Sunday's golf: K.H. Lee gets first PGA Tour win at Nelson, qualifies for PGA
McKinney, Texas — K.H. Lee was more than happy to play through a steady downpour in the final round of the AT&T Byron Nelson, and didn’t mind waiting out a weather delay of more than two hours Sunday.
The reward was the final spot next week in the PGA Championship.
Lee earned his first PGA Tour victory and the chance to compete on the Ocean Course at Kiawah Island in South Carolina, becoming the second consecutive Nelson winner from South Korea by finishing 25 under, three ahead of third-round leader Sam Burns.
Heavy rain fell most of the back nine for the leaders, with workers using squeegees to clear paths on greens and one ball stuck in the middle of a fast-moving stream on the 18th fairway. The players slogged through the deluge before lightning forced a delay.
Most of the standing water was gone when play resumed 2 hours, 23 minutes later. Lee missed a par putt on 16 to cut his lead to two, but answered with two birdies. The sun came out just as Lee was finishing his 6-under 66.
“Long day for me, I think everybody,” said Lee, who was greeted just off the 18th green by countryman K.J. Choi, an eight-time tour winner who lives in the Dallas area. “I mean, but I just try keep patient and positive thinking.”
Burns finished 22 under, a shot ahead of 2011 Masters champion Charl Schwartzel, Daniel Berger, Patton Kizzire and Scott Stallings. Troy Merritt and Joseph Bramlett finished two more back at 19 under.
When the delay hit, Jordan Spieth already knew he was going to fall short again in his hometown event, played on its third course in the past four Nelsons at the rain-soaked TPC Craig Ranch in McKinney, about 30 miles north of Dallas.
Spieth, three back to start the day, shot 71 and tied for ninth at 18 under, giving him his first top 10 at the Nelson 11 years after he contended Sunday as a 16-year-old when the course was at its home of three decades, the TPC Four Seasons.
“Coming into the week if you told me top 10, I would probably take it,” said Spieth, playing for the first time since finishing third at the Masters and testing positive for COVID-19. “I didn’t know where anything stood.”
South Korea’s Sung Kang was the defending champion after winning in 2019, when the second of just two Nelsons was played at the treeless links course Trinity Forest in Dallas. The move was unpopular with fans and players, and Craig Ranch became the home following last year’s COVID-19 cancellation.
One thing about this Nelson was the same, though: notorious spring weather in Texas.
Threesomes started from the first and 10th tees just after daybreak to try to beat a forecast calling for increasing rain throughout the day.
Steady rain for two-plus hours got progressively worse as players began ducking for cover under umbrellas immediately after shots and constantly wiped grips with towels. From the start of the round, they got to lift, clean and place their shots in the fairways.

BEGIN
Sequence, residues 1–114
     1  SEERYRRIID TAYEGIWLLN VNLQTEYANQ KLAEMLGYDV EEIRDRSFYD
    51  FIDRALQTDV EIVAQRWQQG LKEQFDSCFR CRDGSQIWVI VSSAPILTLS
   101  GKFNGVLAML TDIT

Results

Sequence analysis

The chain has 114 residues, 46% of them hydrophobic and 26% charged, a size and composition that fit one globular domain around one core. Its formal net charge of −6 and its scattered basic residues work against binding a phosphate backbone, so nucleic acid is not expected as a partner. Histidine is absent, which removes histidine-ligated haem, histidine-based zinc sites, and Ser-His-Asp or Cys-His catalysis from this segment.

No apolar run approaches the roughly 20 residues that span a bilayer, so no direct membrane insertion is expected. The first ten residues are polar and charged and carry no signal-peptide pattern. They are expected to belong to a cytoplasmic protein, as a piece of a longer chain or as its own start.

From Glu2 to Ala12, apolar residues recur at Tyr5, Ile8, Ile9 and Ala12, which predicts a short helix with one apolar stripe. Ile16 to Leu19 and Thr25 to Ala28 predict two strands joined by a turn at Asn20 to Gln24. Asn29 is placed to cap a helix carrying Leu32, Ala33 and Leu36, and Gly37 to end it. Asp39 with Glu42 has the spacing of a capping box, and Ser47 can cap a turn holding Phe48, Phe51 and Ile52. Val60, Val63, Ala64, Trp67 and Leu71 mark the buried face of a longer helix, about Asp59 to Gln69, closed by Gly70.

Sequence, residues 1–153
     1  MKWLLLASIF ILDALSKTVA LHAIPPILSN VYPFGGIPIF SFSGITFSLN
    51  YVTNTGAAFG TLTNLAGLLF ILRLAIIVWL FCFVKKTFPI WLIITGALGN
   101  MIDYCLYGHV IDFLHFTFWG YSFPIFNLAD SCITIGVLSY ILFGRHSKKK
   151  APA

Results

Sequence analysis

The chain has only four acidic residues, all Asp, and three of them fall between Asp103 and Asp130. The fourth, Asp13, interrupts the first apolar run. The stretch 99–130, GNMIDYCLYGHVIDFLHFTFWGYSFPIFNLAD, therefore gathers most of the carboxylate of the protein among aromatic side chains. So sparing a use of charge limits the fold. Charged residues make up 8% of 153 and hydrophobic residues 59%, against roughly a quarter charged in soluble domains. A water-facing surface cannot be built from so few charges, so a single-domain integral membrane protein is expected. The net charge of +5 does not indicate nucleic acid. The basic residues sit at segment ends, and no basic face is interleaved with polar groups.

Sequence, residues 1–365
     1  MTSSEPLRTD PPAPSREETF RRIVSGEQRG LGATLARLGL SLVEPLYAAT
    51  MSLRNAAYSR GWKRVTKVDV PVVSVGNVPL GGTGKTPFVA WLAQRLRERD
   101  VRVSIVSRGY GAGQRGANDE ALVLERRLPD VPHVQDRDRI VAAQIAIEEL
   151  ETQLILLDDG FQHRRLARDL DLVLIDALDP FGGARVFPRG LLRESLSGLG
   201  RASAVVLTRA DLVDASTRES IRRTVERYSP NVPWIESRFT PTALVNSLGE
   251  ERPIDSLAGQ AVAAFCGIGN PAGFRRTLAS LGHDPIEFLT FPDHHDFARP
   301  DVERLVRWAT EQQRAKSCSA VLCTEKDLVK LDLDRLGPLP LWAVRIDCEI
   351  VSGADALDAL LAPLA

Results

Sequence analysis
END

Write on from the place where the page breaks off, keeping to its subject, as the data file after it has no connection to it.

“I have been drier swimming in the ocean,” Stallings said. “If there is any video of us walking down 18, the goal of trying to stay dry was over by the time we got to 18 because there was just water everywhere. We were like kids walking through puddles.”
One stroke behind at the start, Lee overtook Burns, who shot 70, before it got really wet.
The 29-year-old from Seoul went ahead for good with a birdie on the par-4 third hole and stretched the lead to four at No. 8 by putting his second shot within 4 feet for birdie. Burns threw his ball in disgust after missing a 5-foot birdie try.
Lee, who finished tied for second at the Phoenix Open in February, had the lowest score to par at the Nelson since 1983 on the par-72 Craig Ranch layout, beating 23 under from both years at par-71 Trinity Forest. The main Four Seasons course was par 70.
Lee is getting his third shot at a major after twice missing the cut at the U.S. Open. The first was in 2014, more than three years before his second PGA Tour appearance.
Burns wrapped up his PGA spot two weeks ago with his first tour victory at the Valspar Championship when he finally converted a 54-hole lead into a win after two failed attempts this season.
The 54-hole lead again got away from the 24-year-old from Louisiana, who was trying to become the first player since Camilo Villegas in 2008 to get his first two PGA Tour victories in consecutive starts.
“I think the biggest thing for me is just knowing my game is in a good place,” Burns said. “It’s in a good spot enough to where I can contend.”
Seamus Power was 21 under through eight holes but fell back with a rare double bogey at the par-4 13th on a course that yielded nearly 100 scores in the 60s in the opening round. Power shot 70 to finish 18 under with Spieth, Jhonattan Vegas (67) and Doc Redman (70).
Kizzire, the only player with two rounds of 64 or better, was 8 under for the day through 12 before settling for his 63. He vaulted into contention with a second-round 64 before a 71 Saturday.
Monday qualifier Dicky Pride won the Mitsubishi Electric Classic at Duluth, Georgia, on for his first PGA Tour Champions title, closing with a 5-under 67 for a three-stroke victory.
Making his 11th senior start, the 51-year-old Pride had six birdies in an 11-hole stretch before dropping a stroke on the par-4 15th. He parred the final three to win at TPC Sugarloaf to finish at 11-under 205.
Pride is the 14th open qualifier to win on the tour and the 18th player to win at least once on the PGA Tour, PGA Tour Champions and Korn Ferry Tour. He won the 1994 St. Jude Classic as a rookie for his lone PGA Tour title and won a Korn Ferry Tour event in Oregon in 2015.
Stephen Ames and Kirk Triplett each shot 70 to tie for second with second-round leader Paul Goydos (72).
Hall of Fame pitcher John Smoltz shot 84-77-82 to finish 76th at 27 over, beating fellow former major leaguer Shigetoshi Hasegawa by three strokes to avoid finishing last.